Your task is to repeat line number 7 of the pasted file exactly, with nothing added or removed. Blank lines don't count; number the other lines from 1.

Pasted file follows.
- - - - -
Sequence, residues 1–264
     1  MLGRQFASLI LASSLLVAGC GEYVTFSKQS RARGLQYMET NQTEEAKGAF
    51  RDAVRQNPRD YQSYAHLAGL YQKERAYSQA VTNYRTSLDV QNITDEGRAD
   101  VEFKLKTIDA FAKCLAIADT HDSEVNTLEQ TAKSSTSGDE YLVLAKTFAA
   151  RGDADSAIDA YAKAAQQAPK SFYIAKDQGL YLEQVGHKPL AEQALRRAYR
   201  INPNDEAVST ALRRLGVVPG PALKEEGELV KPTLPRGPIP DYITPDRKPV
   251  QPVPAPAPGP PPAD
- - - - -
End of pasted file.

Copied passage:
   251  QPVPAPAPGP PPAD